On Tuesday night, I headed out after putting the kids to bed in hopes of capturing another good sunset.  While the clouds and approaching storms should have combined to put on a strong show, the light never really materialized.  I had driven to Chandler Hovey again but didn’t make it out of the car before turning back.  On the way back, I turned down Foster Street to see what the view was like.  As I got out of the car, I noticed someone sitting by the cannon and realized I had made it in time to witness the great Marblehead tradition of firing the cannon at sunset.

Every night from May through October, the yacht clubs that line Marblehead harbor fire their cannons at sunset.  I tried to find the origin of this tradition and was directed by a number of yacht club historians to customs of the Royal Navy.  I found this information at one such site

[link] “Until recently it was the practice (even within my memory) that a volley should be fired at sunset, at which time the colours are lowered when in harbour.  The privi­lege of firing this gun is only enjoyed today by certain Commodores and Flag Officers, and the old expression which was used on hearing the evening gun fired was the Commodore has fallen down the main hatch , or, in other words, his day’s work was finished.  This is con­nected with the custom of firing an evening gun, which some say was meant as a sign of defiance to the enemy, while others affirm that it was to ensure a dry priming and charge being in the gun prior to nightfall.”  Other sites date the origin of this tradition to sometime in the 17th-18th centuries.  As the yacht clubs follow the traditions of the Navy, it seems that the local firing of the cannon at sunset must date back to the founding of the Marblehead yacht clubs in the late 1800s.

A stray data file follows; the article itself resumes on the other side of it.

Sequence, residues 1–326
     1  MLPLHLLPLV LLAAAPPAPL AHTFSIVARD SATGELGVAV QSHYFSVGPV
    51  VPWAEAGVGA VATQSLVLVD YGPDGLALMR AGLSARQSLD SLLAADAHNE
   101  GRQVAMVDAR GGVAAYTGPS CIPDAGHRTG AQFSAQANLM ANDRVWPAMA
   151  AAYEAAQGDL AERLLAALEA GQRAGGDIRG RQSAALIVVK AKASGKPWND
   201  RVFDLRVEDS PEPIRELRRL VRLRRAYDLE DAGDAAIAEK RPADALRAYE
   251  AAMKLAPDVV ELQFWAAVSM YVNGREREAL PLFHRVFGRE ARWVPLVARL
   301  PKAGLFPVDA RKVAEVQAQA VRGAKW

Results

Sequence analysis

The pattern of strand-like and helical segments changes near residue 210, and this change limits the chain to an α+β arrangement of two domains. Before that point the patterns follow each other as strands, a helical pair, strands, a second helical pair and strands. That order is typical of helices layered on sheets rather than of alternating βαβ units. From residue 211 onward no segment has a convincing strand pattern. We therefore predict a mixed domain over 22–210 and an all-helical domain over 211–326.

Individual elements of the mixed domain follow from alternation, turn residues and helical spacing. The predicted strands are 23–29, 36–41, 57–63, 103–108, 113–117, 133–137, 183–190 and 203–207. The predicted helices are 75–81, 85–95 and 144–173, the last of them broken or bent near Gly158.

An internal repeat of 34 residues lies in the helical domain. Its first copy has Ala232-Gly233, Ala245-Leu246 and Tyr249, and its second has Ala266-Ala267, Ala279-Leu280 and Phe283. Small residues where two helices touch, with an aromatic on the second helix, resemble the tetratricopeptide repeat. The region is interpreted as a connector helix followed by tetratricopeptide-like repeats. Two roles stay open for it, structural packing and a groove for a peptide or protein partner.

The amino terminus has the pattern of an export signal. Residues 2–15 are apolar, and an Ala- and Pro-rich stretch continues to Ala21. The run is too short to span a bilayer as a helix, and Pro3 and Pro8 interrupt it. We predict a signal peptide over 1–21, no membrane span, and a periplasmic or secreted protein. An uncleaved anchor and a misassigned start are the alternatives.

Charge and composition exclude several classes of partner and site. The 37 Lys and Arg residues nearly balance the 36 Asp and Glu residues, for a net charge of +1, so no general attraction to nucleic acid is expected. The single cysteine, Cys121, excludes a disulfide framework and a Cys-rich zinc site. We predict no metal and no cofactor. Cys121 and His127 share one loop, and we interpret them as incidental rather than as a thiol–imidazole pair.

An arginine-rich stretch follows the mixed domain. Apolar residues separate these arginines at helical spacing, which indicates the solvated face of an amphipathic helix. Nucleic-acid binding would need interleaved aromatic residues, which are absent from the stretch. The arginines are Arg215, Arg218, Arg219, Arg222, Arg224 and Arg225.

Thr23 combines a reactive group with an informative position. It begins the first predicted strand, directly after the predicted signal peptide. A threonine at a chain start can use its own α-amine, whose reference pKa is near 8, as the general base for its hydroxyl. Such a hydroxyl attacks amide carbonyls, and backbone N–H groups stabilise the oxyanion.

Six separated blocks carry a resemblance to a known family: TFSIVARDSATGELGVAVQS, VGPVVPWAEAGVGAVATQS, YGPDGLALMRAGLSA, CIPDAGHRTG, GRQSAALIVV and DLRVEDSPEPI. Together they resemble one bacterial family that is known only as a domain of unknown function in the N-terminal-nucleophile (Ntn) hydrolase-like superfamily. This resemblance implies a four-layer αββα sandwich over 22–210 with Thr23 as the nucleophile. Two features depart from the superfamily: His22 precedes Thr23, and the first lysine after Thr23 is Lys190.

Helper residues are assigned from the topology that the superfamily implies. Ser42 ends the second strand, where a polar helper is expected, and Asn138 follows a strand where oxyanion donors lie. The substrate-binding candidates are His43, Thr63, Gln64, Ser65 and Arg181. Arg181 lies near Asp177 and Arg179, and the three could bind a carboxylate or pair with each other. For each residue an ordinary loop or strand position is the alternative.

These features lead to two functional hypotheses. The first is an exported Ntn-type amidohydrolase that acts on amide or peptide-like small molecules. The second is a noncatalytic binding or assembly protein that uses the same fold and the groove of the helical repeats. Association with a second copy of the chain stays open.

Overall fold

Whenever this tradition began, there is no denying the joy of hearing the cannon salute at sunset as it rings Marblehead harbor.  And so on this day, I set up and captured the fire and smoke bellowing from the cannon at sunset with Abbot hall standing in the distance.  I can personally attest to just how loud these cannons are as I did not have proper ear protection and needed to keep one hand on the camera to fire the shutter.  My ears were ringing for an hour afterwards.

Thanks to Nate for allowing me to use his likeness in the image and for the Club for allowing me to share this image with my viewers.